• SuckaMahNutsYo

        suburbs will never have the style and nostalgia the real history of a location like Union Station has, you can’t fake honesty.

  • jjskck

    Thank you for this series. It’s great to see City Hall, P&L, and the Fidelity building (911 Walnut w/the twin turrets) in their youth.
    I wonder if the school in the 3rd photo is still standing…

    • http://kcmeesha.com kcmeesha

      you know I had an idea to contact Monroe Dodd, the author of Kansas City Then and Now books to comment on these, but couldn’t find his email (although I didn’t search too hard).

      • http://menstrom.tumblr.com/ Matt

        Dodd’s son is a friend of mine. He has a book out now about past crimes/investigations in KC that I’m really excited to read. The school in #3 looks very familiar. At first I thought it was the one I drive past on SW Trfcwy, but now I think that one is stone, not brick.

  • http://simplyjews.blogspot.com/ SnoopyTheGoon

    Interesting pictures. One technical point came to mind: it seems to me that the pictures of the beginning of the century made on glass plates and printed as contact prints were of higher quality than these of 193x… but I may be mistaken.

    • http://kcmeesha.com kcmeesha

      I can just see a photographer coming back after a trip with a truckload of glass plates.

  • Anonymous

    Could that be Tom Benton in the last photo, painting the nude?

    Love the shot of the Plaza; look how much it has changed over the years, before the parking garage was built (and the other structures on that block) and before the Neptune apartments, Macy’s (now Pottery Barn and B&N), etc. were constructed.

    Great photos, thanks so much for posting.

  • http://twitter.com/thedlc TheDLC

    I’ll do what I can here, downtown is not my strong suit but there are some photos that are fairly easy to identify.

    #5 is of course the downtown airport. There’s another view of the TWA terminal here: http://www.kchistory.org/u?/Askren,230. I would assume #4 is the same.

    #6 is probably the NE corner of 8th and Grand. That’s what the 1939 city directory lists as the location of Central Business College above Katz’s drugstore. It doesn’t list Katz as being there but they had 6 or so locations downtown alone so there ciould have been one there. Here’s what 8th and Grand looks like today http://goo.gl/maps/V0ew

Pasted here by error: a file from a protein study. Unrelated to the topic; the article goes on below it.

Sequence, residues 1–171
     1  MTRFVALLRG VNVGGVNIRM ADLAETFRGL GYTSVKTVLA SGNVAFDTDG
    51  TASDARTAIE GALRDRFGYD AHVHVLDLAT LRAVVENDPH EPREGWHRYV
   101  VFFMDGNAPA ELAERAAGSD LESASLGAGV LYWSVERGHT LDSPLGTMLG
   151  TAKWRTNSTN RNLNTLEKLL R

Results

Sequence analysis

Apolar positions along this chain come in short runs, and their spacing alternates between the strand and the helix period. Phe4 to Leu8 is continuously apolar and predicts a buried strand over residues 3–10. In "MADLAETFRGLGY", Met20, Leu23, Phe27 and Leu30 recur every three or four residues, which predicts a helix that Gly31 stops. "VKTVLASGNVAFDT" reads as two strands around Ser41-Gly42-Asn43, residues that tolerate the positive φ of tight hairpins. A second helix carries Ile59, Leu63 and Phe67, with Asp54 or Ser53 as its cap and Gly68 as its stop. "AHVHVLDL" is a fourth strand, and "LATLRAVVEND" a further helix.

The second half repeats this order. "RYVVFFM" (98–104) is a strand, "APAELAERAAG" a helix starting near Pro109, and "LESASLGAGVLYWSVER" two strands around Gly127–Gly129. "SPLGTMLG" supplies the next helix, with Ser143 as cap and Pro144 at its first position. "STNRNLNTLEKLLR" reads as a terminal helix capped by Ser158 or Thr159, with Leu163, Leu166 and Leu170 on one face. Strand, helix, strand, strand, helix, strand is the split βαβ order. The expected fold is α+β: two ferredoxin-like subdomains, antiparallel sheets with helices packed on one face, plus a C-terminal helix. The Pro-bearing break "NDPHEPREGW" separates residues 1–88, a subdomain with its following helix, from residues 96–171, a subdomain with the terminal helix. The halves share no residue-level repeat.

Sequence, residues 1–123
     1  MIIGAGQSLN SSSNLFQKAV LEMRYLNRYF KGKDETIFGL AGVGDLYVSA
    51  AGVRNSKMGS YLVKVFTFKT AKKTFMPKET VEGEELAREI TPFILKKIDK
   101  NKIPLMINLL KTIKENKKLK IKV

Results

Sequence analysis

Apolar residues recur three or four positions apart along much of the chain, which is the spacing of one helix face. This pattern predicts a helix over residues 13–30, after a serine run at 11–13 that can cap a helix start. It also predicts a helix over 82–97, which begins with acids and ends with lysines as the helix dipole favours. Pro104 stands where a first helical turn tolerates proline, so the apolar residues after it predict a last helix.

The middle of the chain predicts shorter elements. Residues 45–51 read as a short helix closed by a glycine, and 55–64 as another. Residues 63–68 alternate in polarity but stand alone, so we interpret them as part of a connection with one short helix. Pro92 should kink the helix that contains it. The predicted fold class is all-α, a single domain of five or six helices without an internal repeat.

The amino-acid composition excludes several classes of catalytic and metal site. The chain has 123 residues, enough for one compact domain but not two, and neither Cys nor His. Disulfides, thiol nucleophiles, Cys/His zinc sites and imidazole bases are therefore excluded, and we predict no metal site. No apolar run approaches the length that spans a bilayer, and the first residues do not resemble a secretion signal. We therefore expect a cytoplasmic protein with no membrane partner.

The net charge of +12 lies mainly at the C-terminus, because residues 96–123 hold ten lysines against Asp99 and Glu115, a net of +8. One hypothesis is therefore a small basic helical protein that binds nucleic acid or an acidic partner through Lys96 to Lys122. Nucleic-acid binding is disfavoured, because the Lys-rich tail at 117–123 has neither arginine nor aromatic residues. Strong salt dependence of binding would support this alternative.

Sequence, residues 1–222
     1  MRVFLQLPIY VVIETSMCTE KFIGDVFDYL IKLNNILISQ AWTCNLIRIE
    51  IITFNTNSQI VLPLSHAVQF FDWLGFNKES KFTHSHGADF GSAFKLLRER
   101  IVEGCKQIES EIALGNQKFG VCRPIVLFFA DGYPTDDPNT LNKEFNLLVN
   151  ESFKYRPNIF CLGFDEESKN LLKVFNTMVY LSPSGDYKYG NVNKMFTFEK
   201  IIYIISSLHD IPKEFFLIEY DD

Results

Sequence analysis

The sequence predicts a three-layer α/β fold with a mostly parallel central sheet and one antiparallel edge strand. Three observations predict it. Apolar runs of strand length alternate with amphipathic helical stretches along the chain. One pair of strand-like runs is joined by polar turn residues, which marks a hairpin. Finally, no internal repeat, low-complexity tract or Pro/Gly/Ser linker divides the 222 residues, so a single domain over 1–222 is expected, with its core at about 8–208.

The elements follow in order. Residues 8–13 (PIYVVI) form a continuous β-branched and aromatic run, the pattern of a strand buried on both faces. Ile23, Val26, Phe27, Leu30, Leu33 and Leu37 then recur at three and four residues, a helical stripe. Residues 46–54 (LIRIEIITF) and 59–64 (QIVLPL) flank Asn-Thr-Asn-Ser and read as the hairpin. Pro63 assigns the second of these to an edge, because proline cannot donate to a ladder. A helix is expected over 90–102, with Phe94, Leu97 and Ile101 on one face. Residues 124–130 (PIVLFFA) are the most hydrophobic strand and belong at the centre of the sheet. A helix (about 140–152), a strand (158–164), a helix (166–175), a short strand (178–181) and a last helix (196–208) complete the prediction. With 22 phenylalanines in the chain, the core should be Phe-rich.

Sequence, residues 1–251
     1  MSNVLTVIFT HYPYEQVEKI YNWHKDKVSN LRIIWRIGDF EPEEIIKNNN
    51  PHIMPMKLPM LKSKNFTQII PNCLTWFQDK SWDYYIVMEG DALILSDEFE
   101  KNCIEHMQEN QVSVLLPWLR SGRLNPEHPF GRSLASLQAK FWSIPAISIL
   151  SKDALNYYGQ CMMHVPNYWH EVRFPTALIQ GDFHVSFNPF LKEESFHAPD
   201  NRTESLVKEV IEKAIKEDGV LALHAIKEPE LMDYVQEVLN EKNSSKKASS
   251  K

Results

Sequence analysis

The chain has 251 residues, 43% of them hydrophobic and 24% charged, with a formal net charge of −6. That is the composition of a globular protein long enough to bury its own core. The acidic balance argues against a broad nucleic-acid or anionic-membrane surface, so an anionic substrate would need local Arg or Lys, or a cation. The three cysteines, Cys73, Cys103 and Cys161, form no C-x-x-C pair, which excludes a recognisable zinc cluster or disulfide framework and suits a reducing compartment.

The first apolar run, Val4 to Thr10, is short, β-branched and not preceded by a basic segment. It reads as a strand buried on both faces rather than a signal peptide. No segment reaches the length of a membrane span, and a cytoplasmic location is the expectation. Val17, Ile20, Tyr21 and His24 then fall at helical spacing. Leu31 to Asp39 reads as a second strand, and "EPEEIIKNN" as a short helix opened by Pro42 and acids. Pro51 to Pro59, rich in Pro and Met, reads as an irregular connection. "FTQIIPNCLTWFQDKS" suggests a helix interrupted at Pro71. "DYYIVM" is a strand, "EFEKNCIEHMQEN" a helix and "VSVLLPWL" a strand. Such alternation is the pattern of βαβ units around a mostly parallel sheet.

Below that is the original Federal Reserve Bank building at 1925 Grand. It’s still there:http://goo.gl/maps/CgOC

    The eagle statue is on Ward Parkway at 67th street http://www.kchistory.org/u?/Montgomery,2670

    The boys playing stickball or whatever are in the Woodswether Industrial District which is basically the north end of the West Bottoms http://www.kchistory.org/u?/Sanborn,1431

    Beneath that, Price’s Grill & Candy Co was at 1000 Walnut where this beauty sits today http://goo.gl/maps/6pKK

    The door that reads “Fred Harvey” probably refers to the owner of the Harvey House restaurants and is probably his office or something.

    The Jackson Democratic Club was a Tom Pendergast-run organization that ran its business out the Hotel Monroe building near 19th and Main. It’s still there, and still has the ‘Hotel Monroe” sign.

    The photos of the mansion and the one beneath it feel like Ward Parkway and 55th street area.

    Then you have the Plaza with all the cars in the middle, then the South lawn of the Nelson-Atkins, the a view of Swope Park.

    Tom Pedergast’s liquor distribution house supplied all the bars in KC and was how he made his money. It was at 5th and Delaware but I don’t think that building is standing still. His corrupt ways caught up with him in 1939 which perhaps was why these photos were even taken.

    That’s all I got for now!

    • http://twitter.com/hikatie katie s.

      That Pendergast building is actually at about 20th and umm Central? Maybe 19th. But just a few blocks from that SW Blvd/Broadway intersection.

  • http://twitter.com/massagebyted Adam Walker

    Here are my thoughts:

    6th photo: Based on what I could find about the location of Katz Drugstores and the Central Business College, I think that building was at 8th & Grand. It’s not there any more. (DLC beat me to the punch. Damn.)

    The old Federal Reserve building is still there, of course, though the Fed has moved to a new bldg by Liberty Memorial.

    The old guy looking across downtown is, I think, Henry McElroy. He was the first City Manager of KCMO after the city charter was changed. He got the job as a crony of Tom Pendergast. My guess is that the picture was taken from atop City Hall, which, along with the Jackson County Courthouse and Municipal Auditorium (visible in the center of the photo, just to the right of the P&L Building) was built during his administration. He was later indicted for fraud and embezzlement, but got sick and died before the case went to trial.

    Two pics below the Union Station shot is the City Council chambers, which look much the same today, although the furniture is crappier and the varnish has all taken on an unfortunate greenish tint.

    The office door marked “Fred Harvey” was probably on the 2nd floor of Union Station. Fred Harvey was the owner of restaurants in railroad depots throughout the west, including Harvey House (as noted by DLC), which was a whole hell of a lot more elegant than the sad “diner” that has occupied the same space in recent years.

    The mansion belonged to Tom Pendergast. It’s on Ward Parkway, between 56th & 57th.

    The street scene with the Katz Drugstore sign in the upper right appears to have been taken looking west from the intersection of 12th & Walnut. You can see the Jones Store to the south.

    The Jackson Democratic Club was Tom Pendergast’s hangout at 1908 Main. The building is still there; it’s owned by the Art Institute. Pendergast supposedly had some sort of secret entrance through the adjacent Hotel Monroe building.

    That could be Thomas Hart Benton painting the nude, although he would’ve been about 50 by 1938 and quite famous and why would he be in an art class with a bunch of young guys?